Delta Debuts $500M International Fund

Deciding to scrap its plans for a $50 million Philippine-focused venture fund in favor of a more ambitious $500 million vehicle, San Francisco-based Delta Venture Partners may close its debut investment fund as soon as Dec. 1.

Although Delta’s revised offering will be a diversified, international investment vehicle that may include Treasurys, government and commercial paper, real estate and intellectual property assets, up to 70% of the fund may be allocated to private equity investment, said Hal Spice, founder and managing director of the firm.

A $50 million slice of the private equity allocation will be invested in the Philippines; while up to $50 million will be invested in China, Hong Kong and Taiwan. Another $50 million is earmarked to fund early-stage technology companies in Israel and finance their entry into international markets; and a $150 million pool of capital is reserved for U.S. private equity investment.

Already, one Manila-based investor group representing a number of Filipino individuals and families has signed an LP agreement and a memorandum of understanding with Delta. Although they have been prepared to go forward with the $500 million deal since September, Spice said, legal and political complications inside the Philippines have delayed the final close.

Indeed, the Philippine venture initiative is a conciliatory gesture meant to circumvent those problems.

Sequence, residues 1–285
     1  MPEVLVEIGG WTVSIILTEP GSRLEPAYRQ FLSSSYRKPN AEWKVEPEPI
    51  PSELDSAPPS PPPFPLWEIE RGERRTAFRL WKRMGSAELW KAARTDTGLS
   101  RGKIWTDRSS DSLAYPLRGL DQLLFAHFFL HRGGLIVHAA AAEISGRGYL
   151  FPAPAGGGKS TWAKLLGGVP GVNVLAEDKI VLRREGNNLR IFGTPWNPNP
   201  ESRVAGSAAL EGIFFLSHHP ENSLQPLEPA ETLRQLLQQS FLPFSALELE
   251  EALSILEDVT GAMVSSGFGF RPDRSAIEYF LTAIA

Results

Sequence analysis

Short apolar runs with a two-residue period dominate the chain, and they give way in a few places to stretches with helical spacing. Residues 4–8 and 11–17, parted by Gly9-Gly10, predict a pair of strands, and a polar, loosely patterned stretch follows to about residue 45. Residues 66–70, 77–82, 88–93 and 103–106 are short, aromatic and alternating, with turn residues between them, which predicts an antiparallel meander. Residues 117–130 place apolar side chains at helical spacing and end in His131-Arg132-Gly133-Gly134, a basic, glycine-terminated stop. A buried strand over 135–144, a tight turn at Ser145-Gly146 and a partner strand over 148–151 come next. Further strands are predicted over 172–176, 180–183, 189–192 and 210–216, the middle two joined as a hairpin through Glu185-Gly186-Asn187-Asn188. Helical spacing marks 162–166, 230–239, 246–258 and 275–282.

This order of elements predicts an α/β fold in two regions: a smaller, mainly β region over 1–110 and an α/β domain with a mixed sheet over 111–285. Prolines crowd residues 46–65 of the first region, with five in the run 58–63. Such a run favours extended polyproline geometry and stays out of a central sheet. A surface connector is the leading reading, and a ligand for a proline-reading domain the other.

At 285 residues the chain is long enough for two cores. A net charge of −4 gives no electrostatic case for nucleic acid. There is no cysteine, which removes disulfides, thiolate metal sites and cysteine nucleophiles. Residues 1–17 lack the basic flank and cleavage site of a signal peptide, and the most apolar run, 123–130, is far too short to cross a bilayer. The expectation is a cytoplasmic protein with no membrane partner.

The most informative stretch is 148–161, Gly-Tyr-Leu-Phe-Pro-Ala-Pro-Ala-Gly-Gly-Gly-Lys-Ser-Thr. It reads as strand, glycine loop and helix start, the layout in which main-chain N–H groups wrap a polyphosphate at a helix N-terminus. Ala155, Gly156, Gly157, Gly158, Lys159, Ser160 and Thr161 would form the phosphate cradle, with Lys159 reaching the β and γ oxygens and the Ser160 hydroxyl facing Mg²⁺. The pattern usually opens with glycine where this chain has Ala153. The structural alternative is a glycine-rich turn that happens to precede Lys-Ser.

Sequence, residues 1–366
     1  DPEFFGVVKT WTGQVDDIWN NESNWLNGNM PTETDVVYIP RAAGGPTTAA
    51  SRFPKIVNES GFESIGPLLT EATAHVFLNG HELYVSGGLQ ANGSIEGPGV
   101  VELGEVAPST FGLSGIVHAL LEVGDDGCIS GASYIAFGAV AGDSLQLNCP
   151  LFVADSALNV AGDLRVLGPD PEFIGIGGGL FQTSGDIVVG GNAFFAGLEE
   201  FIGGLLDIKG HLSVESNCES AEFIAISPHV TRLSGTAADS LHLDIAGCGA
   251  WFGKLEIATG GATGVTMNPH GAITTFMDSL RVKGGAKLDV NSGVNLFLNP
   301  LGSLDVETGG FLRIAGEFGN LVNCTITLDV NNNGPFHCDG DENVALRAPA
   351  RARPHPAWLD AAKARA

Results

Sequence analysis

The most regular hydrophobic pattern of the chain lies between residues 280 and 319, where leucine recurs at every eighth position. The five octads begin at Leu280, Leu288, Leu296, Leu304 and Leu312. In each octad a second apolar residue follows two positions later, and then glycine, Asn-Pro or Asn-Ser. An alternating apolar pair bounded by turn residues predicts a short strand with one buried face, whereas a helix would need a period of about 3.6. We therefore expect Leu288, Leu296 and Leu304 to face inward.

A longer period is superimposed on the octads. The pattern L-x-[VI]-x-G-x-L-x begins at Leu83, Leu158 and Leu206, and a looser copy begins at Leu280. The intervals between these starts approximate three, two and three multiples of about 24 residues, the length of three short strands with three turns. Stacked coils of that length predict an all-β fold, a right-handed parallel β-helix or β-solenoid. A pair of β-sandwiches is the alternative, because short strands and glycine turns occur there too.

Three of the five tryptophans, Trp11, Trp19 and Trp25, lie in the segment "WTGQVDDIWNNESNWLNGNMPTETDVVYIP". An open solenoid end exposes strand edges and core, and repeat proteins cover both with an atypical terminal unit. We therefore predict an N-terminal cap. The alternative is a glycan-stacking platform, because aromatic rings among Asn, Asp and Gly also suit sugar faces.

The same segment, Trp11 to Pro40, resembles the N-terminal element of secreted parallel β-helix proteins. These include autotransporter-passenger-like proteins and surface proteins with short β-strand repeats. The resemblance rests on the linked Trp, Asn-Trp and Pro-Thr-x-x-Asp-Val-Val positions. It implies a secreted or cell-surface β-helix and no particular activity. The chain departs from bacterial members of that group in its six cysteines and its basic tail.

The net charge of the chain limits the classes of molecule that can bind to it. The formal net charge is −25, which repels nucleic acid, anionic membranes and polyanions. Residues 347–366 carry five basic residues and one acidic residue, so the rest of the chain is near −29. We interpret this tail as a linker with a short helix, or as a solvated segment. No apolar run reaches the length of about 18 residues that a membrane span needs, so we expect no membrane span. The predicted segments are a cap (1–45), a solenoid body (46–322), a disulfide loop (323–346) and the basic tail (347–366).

“The hurdles we have to jump through are both on the U.S. front – it’s a large amount of money coming in through a wire transfer – and because the investors live in the Philippines, we’ve engaged an attorney there and are negotiating with the Philippine government to close the fund,” Spice said.

In its current incarnation, the $50 million earmarked for the Philippines looks much like the original offering memorandum Delta Venture Partners shopped to investors in April.

It includes $5 million paid out over a five-year period to fund the development of an advanced software technology lab, a $3 million public-private partnership to develop a technology ecosystem there that includes the financial, administrative, legal and technical backbone for technology development, and an early-stage fund focused on software, aquaculture and agriculture investments.

“We’re negotiating a settlement with the Philippine government. For allowing the transfer to go through, this is what the government gets out it,” Spice said.

If the deal can be inked by early December, and the funds transferred soon thereafter, Delta expects to begin investing by year-end.

Formed in 1981, Delta Venture Partners evolved from a management and information technology consulting practice into an incubator-like operation in 1996. By 1999, the firm had morphed into a boutique investment bank specializing in securing capital from Asian financiers for U.S.-based start-ups.

Four Silicon Valley-based partners will co-manage the firm alongside one Manila-based partner.

Carolina Braunschweig can be contacted at: